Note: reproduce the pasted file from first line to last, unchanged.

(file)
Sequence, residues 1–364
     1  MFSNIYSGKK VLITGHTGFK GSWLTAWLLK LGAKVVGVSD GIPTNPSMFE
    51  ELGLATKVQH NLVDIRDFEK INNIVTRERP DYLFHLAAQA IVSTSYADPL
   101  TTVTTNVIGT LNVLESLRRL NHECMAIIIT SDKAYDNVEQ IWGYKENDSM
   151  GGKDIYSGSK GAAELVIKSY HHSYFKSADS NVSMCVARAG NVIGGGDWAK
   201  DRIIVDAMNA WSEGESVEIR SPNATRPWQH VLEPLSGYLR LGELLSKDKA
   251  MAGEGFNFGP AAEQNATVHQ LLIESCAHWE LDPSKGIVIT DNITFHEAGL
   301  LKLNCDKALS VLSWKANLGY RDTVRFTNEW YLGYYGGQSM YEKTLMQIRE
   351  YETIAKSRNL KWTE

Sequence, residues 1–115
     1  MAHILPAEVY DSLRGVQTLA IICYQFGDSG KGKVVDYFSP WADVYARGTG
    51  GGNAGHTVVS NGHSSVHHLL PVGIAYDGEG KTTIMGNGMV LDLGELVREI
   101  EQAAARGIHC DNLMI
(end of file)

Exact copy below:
Sequence, residues 1–364
     1  MFSNIYSGKK VLITGHTGFK GSWLTAWLLK LGAKVVGVSD GIPTNPSMFE
    51  ELGLATKVQH NLVDIRDFEK INNIVTRERP DYLFHLAAQA IVSTSYADPL
   101  TTVTTNVIGT LNVLESLRRL NHECMAIIIT SDKAYDNVEQ IWGYKENDSM
   151  GGKDIYSGSK GAAELVIKSY HHSYFKSADS NVSMCVARAG NVIGGGDWAK
   201  DRIIVDAMNA WSEGESVEIR SPNATRPWQH VLEPLSGYLR LGELLSKDKA
   251  MAGEGFNFGP AAEQNATVHQ LLIESCAHWE LDPSKGIVIT DNITFHEAGL
   301  LKLNCDKALS VLSWKANLGY RDTVRFTNEW YLGYYGGQSM YEKTLMQIRE
   351  YETIAKSRNL KWTE

Sequence, residues 1–115
     1  MAHILPAEVY DSLRGVQTLA IICYQFGDSG KGKVVDYFSP WADVYARGTG
    51  GGNAGHTVVS NGHSSVHHLL PVGIAYDGEG KTTIMGNGMV LDLGELVREI
   101  EQAAARGIHC DNLMI